“The guides carry shotguns with triple 000 buckshot, very lethal at close range, grizzly bear are protected, it would be easier to murder one of my hunters than kill a sacred bear. Do Not, I repeat, Do Not try to take away the bull elk your hunter has shot the night before and was to dark to properly quarter the animal. Bears hear the gunshots and since they are protected it's like ringing the dinner bell, they know there is fresh meat on the ground. I say let the bastard have the meat. We will claim the antlers later. You become very skilled at tearing an elk down to load on the pack horses when a grizzly is popping his jaws just inside the tree line. My personal best was 20 minutes…”
Ishmael is a reader who lives and hunts in the Rocky Mountains. He has been helping me with background material for a mountain main story. The funny thing is—and he has pointed this out—he has basically described a trip to the liquor store in West Baltimore, only the sacred, vicious, brown, protected predator is a two-leg, not a four-leg, as Black Elk would have said.
Now, if bears could figure out over a few generations that they are protected by the federal government, how long do you think it would take an urban youth who dreams of thugdom with his every rapping breath, to figure out that he now has the social status and legal leverage of the Baltimore Cops that held this city down with a reign of terror for 30 years?
The answer is, less than a week.
Since the riots working blacks have been staying away from work in droves—hundreds having lost their jobs and thousand having had hours cut due to the economic impact of the riots and purge—afraid of the new lords of the city, of what they will do with the power the police once had.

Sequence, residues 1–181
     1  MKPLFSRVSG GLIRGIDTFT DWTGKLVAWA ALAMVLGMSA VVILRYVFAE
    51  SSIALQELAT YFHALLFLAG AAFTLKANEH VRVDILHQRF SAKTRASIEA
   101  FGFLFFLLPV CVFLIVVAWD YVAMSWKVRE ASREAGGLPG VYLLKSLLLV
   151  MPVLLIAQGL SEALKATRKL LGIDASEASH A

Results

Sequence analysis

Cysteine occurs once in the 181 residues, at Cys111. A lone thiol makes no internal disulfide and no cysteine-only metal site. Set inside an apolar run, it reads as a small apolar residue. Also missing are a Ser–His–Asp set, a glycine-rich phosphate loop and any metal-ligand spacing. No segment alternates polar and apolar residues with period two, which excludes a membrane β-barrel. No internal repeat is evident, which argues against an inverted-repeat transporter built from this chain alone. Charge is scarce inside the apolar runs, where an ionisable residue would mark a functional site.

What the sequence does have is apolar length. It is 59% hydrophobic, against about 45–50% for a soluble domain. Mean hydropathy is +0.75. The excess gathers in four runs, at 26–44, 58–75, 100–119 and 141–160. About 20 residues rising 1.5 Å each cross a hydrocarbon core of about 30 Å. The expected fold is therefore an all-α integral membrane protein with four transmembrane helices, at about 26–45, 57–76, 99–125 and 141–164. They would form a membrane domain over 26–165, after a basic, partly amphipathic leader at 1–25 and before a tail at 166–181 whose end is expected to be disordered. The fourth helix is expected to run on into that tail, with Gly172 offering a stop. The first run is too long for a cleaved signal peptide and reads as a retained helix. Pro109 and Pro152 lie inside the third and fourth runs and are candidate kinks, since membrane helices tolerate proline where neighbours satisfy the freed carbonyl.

City homicides are up from 69 in 2014 to 96 during the same period this year.
West Baltimore has hosted 20 homicides so far this year, to 21 in all of last year.
We have had our 164th nonfatal shooting, up 60% from last year, while fatal shootings are only up 40%, which means turf wars with new unseasoned players in the line of fire.
In a blink of the media’s disturbing eye Baltimore went back to the gory days of 1995, 20 years ago, when the drug gangs were taking over Baltimore and 1,000 homeowners per month fled the city. The salient difference is that Baltimore was then bringing in a hard ass New York cop to address the issues, where we now have a waffling bimbo mayor pulling the rug out from under her Uncle Tom police chief, and the police in full retreat, denying that they have any duty to protect anyone other than themselves—and who can blame them? A beaten force rarely takes time to save refugees as they retreat.
The days that made Baltimore worth writing about have returned, only my family is all now safely ensconced in the suburbs whence I evacuated them during the last race purge. Now I have a ringside seat, and a brawl is breaking out. We had three shootings last night and things are just beginning to get hot in the city.
I have long been critical of the war on drugs, as this federal initiative, enforced by local proxy police, has created a hardened and resourceful criminal class numbering between 2,000 and 5,000 strong in Baltimore. Once created by the oppressive campaign of police terror this many headed monster could only be made worse by one action, by calling back the police, by gutting BPD morale. This reminds me of another unjust, mismanaged, and gracelessly ended war, Vietnam, with the people of Baltimore now in the same position after the riots as the South Vietnamese were after that last U.S. helicopter got shoved into the sea.
I recall last year seeing a documentary about the reintroduction of wolves to Yellow Stone Park, and how they were wiping out the coyotes that had taken over their niche, with nary a Winchester packing human to keep them in check. Well, now that the BPD has stood down, and is no longer pulling security for weaker drug gangs, the stronger drug gangs who have felt the brunt of the BPD iron heel are coming back with a vengeance, a protected, sacred predator species reclaiming its place at the apex of the food chain.
It’s a good day to be writer in Baltimore.